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How can exit(n) give a function the return value?

 
 
pemo
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      03-07-2006
Jordan Abel wrote:
> On 2006-03-07, Ian Collins <(E-Mail Removed)> wrote:
>> lovecreatesbeauty wrote:
>>> Hello experts,
>>>
>>> Is the following code snippet legal? If it is, how can exit() do the
>>> keyword return a favor and give a return value to the main function?
>>>
>>> Can a function call (or only this exit(n)) statement provide both
>>> function call and return features of the C programming language?
>>>
>>> /* headers omitted */
>>> int main (void)
>>> {
>>> exit(0); /* instead of `return 0;' */
>>> }
>>>

>> I guess _exit(0) is closer to return(0), exit does some clean-up
>> processing before terminating.

>
> So does return from main. The difference is in whether automatic
> variables declared in main are avaible to atexit handlers.


I read that initially as "automatic variables are available to atexit
handlers"

Wrong - right?


--
==============
*Not a pedant*
==============


 
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Richard Bos
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      03-07-2006
"pemo" <(E-Mail Removed)> wrote:

> Jordan Abel wrote:
> > On 2006-03-07, Ian Collins <(E-Mail Removed)> wrote:
> >> I guess _exit(0) is closer to return(0), exit does some clean-up
> >> processing before terminating.

> >
> > So does return from main. The difference is in whether automatic
> > variables declared in main are avaible to atexit handlers.

>
> I read that initially as "automatic variables are available to atexit
> handlers"
>
> Wrong - right?


And there's the rub.

If the program is ended through exit(), all auto objects in main() still
exist when the atexit handlers are called. One of the handlers could
refer to such an object - for example, if a global pointer had been set
to point at one of them.

If the program is ended through a return from main(), all auto objects
in main() will already have disappeared when the atexit handlers are
called. If a handler dereferences a pointer to such an ex-object, your
data could be pushing up the daisies.

Whether anyone sane will ever write an atexit handler that depends on
this difference - well, that's another question.

Richard
 
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Eric Sosman
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      03-07-2006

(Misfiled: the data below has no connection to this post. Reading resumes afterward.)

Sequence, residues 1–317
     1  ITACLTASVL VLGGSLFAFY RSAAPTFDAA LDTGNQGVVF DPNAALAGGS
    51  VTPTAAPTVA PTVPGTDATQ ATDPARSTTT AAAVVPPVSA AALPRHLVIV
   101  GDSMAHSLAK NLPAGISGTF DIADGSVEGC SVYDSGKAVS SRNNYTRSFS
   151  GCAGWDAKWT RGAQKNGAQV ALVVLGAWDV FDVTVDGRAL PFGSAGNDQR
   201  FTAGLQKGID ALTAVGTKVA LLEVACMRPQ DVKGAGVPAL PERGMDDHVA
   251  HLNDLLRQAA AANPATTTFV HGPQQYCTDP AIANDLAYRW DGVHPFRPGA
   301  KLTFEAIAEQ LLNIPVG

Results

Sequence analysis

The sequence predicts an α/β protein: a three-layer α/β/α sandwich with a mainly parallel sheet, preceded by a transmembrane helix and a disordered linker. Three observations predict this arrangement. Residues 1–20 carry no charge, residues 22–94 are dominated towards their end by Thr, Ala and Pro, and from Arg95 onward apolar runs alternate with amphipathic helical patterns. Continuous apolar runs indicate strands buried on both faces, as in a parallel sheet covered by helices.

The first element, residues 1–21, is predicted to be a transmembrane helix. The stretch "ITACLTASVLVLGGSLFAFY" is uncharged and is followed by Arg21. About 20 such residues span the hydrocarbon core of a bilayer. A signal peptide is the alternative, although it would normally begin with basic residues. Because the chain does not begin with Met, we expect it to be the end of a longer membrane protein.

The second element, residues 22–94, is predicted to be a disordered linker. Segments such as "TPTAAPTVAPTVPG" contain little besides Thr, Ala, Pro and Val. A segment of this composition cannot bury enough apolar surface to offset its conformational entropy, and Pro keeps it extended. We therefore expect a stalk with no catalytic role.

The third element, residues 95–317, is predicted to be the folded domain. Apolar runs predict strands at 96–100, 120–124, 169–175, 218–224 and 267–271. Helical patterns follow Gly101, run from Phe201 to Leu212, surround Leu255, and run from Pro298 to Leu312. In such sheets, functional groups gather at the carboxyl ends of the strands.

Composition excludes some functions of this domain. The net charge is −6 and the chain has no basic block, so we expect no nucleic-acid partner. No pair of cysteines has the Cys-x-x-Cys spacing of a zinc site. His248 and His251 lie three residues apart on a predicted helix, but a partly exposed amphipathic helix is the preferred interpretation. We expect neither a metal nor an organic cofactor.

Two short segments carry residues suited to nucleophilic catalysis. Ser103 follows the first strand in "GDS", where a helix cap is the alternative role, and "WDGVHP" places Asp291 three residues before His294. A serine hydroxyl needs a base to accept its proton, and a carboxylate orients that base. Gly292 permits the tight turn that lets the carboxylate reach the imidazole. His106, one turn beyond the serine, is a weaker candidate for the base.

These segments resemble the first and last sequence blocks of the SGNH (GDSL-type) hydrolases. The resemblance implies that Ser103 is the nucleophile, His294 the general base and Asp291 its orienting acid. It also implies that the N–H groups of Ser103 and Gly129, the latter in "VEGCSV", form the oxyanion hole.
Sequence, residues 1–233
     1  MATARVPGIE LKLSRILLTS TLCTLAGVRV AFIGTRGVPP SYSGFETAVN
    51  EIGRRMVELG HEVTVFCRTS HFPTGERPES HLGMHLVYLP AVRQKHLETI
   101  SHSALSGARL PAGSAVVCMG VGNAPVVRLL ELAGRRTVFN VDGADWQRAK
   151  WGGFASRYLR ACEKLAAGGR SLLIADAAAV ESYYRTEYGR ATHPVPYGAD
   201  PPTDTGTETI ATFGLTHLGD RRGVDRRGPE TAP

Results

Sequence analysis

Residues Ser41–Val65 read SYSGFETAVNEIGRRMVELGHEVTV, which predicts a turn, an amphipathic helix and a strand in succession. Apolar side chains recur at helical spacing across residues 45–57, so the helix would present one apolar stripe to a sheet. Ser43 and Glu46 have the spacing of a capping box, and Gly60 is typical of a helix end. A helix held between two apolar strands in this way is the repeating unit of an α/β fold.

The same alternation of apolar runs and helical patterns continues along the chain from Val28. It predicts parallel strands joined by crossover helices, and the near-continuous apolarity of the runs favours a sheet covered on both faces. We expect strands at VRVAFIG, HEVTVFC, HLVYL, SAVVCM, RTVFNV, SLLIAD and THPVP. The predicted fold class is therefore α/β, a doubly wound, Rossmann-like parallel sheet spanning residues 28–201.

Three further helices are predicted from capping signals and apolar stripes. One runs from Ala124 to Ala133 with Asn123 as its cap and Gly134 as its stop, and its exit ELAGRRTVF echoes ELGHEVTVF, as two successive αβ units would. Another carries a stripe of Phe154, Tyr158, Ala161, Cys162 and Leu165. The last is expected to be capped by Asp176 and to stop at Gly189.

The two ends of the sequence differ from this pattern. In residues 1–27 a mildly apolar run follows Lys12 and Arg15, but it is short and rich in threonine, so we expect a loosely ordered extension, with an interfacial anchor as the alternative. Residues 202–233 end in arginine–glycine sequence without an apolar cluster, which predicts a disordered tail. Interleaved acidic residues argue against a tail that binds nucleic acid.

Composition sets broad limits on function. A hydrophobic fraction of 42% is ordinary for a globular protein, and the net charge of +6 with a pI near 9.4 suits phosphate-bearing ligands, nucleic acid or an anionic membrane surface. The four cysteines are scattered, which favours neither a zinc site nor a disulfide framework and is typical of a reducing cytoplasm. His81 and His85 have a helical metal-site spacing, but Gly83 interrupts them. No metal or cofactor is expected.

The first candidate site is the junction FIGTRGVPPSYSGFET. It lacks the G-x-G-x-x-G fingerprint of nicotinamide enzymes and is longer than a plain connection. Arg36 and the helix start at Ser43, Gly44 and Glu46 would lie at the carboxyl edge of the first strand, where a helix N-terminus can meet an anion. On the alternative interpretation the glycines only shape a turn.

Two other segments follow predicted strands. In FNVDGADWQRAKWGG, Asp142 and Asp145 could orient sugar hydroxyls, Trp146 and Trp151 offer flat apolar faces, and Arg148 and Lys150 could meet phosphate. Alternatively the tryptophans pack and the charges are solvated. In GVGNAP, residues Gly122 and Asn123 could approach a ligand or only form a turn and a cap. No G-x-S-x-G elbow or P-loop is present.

Richard Bos wrote:
>
> If the program is ended through a return from main(), all auto objects
> in main() will already have disappeared when the atexit handlers are
> called. If a handler dereferences a pointer to such an ex-object, your
> data could be pushing up the daisies.
>
> Whether anyone sane will ever write an atexit handler that depends on
> this difference - well, that's another question.


The problem can occur even without an explicit atexit()
handler:

int main(void) {
char buffer[16384];
setvbuf (stdout, buffer, _IOFBF, sizeof buffer);
...
return 0; /* woops! */
}

--
Eric Sosman
http://www.velocityreviews.com/forums/(E-Mail Removed)lid
 
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Robin Haigh
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      03-07-2006

"Richard Bos" <(E-Mail Removed)> wrote in message
news:(E-Mail Removed)4all.nl...
> "pemo" <(E-Mail Removed)> wrote:
>
> > Jordan Abel wrote:
> > > On 2006-03-07, Ian Collins <(E-Mail Removed)> wrote:
> > >> I guess _exit(0) is closer to return(0), exit does some clean-up
> > >> processing before terminating.
> > >
> > > So does return from main. The difference is in whether automatic
> > > variables declared in main are avaible to atexit handlers.

> >
> > I read that initially as "automatic variables are available to atexit
> > handlers"
> >
> > Wrong - right?

>
> And there's the rub.
>
> If the program is ended through exit(), all auto objects in main() still
> exist when the atexit handlers are called. One of the handlers could
> refer to such an object - for example, if a global pointer had been set
> to point at one of them.
>
> If the program is ended through a return from main(), all auto objects
> in main() will already have disappeared when the atexit handlers are
> called. If a handler dereferences a pointer to such an ex-object, your
> data could be pushing up the daisies.
>
> Whether anyone sane will ever write an atexit handler that depends on